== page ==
Overview of the different labeling and marking requirements, including any restrictive advertising or labeling practices and where to get more information.
A food label should contain core information such as the prescribed food name, list of ingredients, mandatory warning, advisory statements or allergens declarations, net weight or volume, date mark, nutritional information panel, instructions for use or storage, country of origin, the name and address of the business and manufacturer and importer. Repackaged foods must be labeled to show (in English) the appropriate designation of food content printed in capital letters at least 1/16 inch; whether foods are compounded, mixed or blended; the minimum quantity stated in metric net weight or measure; the name and address of the manufacturer or seller; and the country of origin. Illustrations must accurately describe the true nature or origin of the food. Foods having defined standards must be labeled to conform to those standards and be free from added foreign substances. Packages of food described as “enriched”, “fortified”, “vitaminized” or in any other way that implies that the article contains added vitamins or minerals must show the quantity of vitamins or minerals added per metric unit. More information can be found at the website of the Singapore Food Agency.
In March 2020, Singapore’s Ministry of Health published a fact sheet explaining the Nutri-Grade system that will rate pre-packaged, non-alcoholic beverages as “A”, “B”, “C”, “D” based on levels of sugar and saturated fat. The labels will be mandatory for beverages in categories “C” and “D”, and advertising will be prohibited for category “D” beverages. This grading system will take effect at the end of 2021.
There are two levels of labeling requirements for medicinal products. Administrative labeling requirements are not statutory requirements and are specified in the Health Sciences Authority’s Guidance Documents for Therapeutic Products in Singapore. Compliance is checked during the product registration process, prior to granting of marketing approval. For legal labeling requirements, these are stipulated in the legislation related to therapeutic products regulation in Singapore and are subject to the Health Sciences Authority’s surveillance program. The labeling requirements include the name of the active ingredient, quantitative, product license number and name and address of the dealer. More information may be found in Chapter 176 Section 44 of the Medicines Act.
Labeling and advertising legislation also applies to the sale of vitamins and dietary supplements. Generally, labeling laws require that: 1) the composition of the products is disclosed in English, 2) labels/packaging materials not contain any references to diseases/conditions as specified in the schedule to the Medicines (Advertisement and Sale) Act, the advertising/sale promotion of the product in the public media be approved by the Health Sciences Authority.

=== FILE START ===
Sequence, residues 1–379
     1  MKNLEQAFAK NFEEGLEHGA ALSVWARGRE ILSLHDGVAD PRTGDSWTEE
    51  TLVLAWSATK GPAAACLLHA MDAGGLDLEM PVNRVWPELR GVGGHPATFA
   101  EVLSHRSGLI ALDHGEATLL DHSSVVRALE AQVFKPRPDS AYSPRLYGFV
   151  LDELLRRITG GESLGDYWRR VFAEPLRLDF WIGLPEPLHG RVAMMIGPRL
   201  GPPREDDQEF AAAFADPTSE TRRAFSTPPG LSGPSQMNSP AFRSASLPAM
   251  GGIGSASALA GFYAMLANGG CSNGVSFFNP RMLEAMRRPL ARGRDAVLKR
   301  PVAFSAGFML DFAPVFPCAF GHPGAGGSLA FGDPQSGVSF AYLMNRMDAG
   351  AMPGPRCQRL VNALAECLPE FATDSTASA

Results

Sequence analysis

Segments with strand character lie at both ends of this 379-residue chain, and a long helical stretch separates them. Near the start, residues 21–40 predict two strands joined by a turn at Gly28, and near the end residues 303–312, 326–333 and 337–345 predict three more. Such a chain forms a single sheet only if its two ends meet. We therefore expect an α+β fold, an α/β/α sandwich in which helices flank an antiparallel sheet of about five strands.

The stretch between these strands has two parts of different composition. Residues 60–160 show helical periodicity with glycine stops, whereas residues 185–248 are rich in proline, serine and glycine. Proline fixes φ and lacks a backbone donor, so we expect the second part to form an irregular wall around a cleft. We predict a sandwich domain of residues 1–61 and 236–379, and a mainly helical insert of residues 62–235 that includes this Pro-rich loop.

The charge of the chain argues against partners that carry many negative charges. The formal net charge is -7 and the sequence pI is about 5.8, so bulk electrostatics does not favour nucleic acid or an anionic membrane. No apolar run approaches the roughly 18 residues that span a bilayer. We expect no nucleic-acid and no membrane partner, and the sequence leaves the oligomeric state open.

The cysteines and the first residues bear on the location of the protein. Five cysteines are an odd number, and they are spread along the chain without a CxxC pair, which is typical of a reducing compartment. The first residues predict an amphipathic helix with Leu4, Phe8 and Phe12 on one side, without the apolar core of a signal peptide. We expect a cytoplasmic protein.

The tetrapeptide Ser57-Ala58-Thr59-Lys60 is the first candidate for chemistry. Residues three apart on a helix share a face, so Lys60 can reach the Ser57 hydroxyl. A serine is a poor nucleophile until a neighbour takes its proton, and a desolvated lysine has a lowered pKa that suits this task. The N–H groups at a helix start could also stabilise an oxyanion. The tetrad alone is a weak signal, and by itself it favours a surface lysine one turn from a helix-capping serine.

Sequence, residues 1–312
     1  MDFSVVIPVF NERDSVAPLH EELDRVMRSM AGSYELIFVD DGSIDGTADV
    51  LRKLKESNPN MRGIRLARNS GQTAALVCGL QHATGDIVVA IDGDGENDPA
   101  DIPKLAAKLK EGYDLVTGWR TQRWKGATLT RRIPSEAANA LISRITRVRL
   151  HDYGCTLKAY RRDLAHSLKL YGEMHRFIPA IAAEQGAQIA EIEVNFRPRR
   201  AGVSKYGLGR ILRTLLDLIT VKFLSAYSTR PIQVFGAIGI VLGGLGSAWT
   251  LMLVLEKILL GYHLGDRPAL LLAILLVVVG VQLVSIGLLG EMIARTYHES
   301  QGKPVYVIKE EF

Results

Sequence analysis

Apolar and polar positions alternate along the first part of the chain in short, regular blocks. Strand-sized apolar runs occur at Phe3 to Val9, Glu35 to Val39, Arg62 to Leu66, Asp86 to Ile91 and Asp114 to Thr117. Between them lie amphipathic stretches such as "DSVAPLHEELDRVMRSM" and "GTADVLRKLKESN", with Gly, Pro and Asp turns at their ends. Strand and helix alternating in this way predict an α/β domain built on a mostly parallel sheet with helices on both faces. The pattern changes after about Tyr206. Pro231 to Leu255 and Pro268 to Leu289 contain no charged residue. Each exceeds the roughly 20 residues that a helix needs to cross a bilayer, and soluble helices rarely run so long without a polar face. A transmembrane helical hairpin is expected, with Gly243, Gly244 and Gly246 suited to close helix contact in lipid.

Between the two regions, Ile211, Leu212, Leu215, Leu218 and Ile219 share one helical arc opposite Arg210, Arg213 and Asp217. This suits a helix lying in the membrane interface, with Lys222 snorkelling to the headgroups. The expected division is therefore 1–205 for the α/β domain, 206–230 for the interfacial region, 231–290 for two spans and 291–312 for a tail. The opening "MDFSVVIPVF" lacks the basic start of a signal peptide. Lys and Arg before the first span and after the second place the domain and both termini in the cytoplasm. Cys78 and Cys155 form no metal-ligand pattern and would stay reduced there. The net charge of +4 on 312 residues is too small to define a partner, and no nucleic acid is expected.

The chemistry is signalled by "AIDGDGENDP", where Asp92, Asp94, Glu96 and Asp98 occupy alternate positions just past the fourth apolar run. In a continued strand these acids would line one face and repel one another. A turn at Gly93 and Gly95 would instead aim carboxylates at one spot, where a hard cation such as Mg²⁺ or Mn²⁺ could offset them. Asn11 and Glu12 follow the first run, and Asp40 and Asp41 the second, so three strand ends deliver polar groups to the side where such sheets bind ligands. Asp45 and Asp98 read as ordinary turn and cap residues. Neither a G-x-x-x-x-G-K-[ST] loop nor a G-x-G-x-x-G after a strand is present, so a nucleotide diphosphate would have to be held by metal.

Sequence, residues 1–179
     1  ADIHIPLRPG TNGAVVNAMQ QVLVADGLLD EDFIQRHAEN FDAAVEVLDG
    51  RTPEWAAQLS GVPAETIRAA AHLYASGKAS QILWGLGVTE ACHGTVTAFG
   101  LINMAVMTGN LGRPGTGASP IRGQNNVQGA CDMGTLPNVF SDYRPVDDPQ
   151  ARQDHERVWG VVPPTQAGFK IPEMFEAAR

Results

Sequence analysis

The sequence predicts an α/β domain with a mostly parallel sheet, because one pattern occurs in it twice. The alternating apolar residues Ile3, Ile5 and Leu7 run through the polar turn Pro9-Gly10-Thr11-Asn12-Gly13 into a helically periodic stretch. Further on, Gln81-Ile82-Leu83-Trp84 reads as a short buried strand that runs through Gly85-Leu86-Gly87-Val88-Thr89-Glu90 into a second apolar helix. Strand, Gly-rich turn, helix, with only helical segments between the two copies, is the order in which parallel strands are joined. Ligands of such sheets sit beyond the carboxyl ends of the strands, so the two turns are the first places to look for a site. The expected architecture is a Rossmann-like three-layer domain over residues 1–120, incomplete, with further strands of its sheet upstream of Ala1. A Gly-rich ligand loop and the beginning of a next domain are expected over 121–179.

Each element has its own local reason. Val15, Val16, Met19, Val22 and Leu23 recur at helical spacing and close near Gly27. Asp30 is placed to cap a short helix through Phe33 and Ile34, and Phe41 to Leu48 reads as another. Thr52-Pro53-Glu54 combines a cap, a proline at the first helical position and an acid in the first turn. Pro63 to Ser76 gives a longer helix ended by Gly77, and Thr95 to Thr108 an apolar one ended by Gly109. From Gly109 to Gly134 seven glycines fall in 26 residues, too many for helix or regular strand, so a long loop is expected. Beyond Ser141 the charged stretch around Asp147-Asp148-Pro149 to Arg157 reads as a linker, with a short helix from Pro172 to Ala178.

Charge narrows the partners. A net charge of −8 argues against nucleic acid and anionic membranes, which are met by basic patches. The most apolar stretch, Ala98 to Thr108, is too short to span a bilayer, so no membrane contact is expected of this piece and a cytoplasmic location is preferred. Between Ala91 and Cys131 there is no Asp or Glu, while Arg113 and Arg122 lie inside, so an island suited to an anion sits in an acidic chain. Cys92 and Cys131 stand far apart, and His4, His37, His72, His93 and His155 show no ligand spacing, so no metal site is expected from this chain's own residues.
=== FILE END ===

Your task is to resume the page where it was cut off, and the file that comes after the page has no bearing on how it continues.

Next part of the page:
s the national safety authority for 33 categories of Controlled Goods as well as the Weights and Measures Authority, Enterprise Singapore administers two marks, namely, the SAFETY Mark and the ACCURACY Label.
The “SAFETY Mark” is intended for selected electrical and electronic products as well as gas appliances which are sold to consumers for use in Singapore households. The “SAFETY Mark” helps consumers to identify registered Controlled Goods. All registered Controlled Goods must be tested to specific international and national safety standards and certified safe by designated product certification bodies. The products are individually marked with the “SAFETY Mark” either on the product or the packaging. The “SAFETY Mark” is unique and traceable to the registrant and the registered models. More information on the registration for the SAFETY Mark can be obtained from Enterprise Singapore.
The Consumer Protection (Consumer Goods Safety Requirements) Regulations (CGSR) aim is to enhance the safety of general consumer goods in the household. Such consumer goods include toys, children’s products, apparel and furniture. These regulations bring the safety of Singapore’s consumer goods in line with internationally accepted standards. There is no approval needed from the Safety Authority. The authority carries out regular market surveillance to protect consumers against unsafe consumer goods.
The “ACCURACY Label” covers weighing and measuring instruments intended for trade use. In Singapore, all weighing and measuring instruments used for trade purposes (like price computing scales in supermarkets, baggage weighing machines at airports and seaports as well as fuel dispensers at petrol stations) are regulated under the Singapore Weights and Measures Act and Regulations. Before an ACCURACY Label can be affixed on the instrument, it will first need to be pattern registered with Enterprise Singapore. Thereafter, every individual weighing or measuring instrument will need to be verified fit for trade use and affixed with a tamper-proof seal and the ACCURACY Label by Enterprise Singapore-appointed Authorized Verifiers (AVs).
Competent private sector bodies such as manufacturers, installers, suppliers and repairers of weighing and measuring instruments may apply to be designated by Enterprise Singapore to handle the verification of weighing and measuring instruments for trade use. More information on the ACCURACY Label can be obtained from Enterprise Singapore.
Telecommunication equipment imported for use in Singapore is subject to “Type Approval” by the Infocomm Media Development Authority (IMDA) of Singapore.
For the construction industry, the Building and Construction Authority uses the Construction Quality Assessment System (CONQUAS) to objectively rate building works.